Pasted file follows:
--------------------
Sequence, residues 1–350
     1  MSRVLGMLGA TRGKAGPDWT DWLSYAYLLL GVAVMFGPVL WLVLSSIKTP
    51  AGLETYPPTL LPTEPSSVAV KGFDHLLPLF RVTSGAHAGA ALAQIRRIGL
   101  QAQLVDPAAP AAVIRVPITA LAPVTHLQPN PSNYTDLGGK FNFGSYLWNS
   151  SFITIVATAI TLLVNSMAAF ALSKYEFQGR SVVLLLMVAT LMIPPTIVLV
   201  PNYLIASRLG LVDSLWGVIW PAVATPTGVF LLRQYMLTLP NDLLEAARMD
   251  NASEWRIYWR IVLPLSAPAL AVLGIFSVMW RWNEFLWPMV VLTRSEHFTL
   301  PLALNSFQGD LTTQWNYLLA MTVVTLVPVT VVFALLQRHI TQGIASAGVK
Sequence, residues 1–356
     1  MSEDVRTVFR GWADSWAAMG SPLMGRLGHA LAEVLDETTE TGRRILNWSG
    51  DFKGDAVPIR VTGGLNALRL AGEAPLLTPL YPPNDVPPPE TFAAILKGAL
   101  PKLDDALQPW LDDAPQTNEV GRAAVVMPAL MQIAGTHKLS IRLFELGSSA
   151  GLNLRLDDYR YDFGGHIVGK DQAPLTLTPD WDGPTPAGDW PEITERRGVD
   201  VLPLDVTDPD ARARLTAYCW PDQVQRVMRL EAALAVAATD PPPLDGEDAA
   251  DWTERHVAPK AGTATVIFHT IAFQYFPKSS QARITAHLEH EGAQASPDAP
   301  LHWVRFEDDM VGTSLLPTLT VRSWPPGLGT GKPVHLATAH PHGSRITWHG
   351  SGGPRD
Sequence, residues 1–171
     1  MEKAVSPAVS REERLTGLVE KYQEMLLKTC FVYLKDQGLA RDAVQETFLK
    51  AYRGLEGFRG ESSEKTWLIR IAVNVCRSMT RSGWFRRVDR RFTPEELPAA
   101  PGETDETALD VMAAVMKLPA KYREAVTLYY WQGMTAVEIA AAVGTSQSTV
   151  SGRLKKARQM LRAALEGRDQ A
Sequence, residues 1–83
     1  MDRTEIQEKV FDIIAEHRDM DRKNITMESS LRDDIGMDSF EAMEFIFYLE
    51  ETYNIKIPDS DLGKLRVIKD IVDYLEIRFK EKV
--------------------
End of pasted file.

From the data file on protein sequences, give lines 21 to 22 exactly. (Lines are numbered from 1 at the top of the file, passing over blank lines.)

   101  PGETDETALD VMAAVMKLPA KYREAVTLYY WQGMTAVEIA AAVGTSQSTV
   151  SGRLKKARQM LRAALEGRDQ A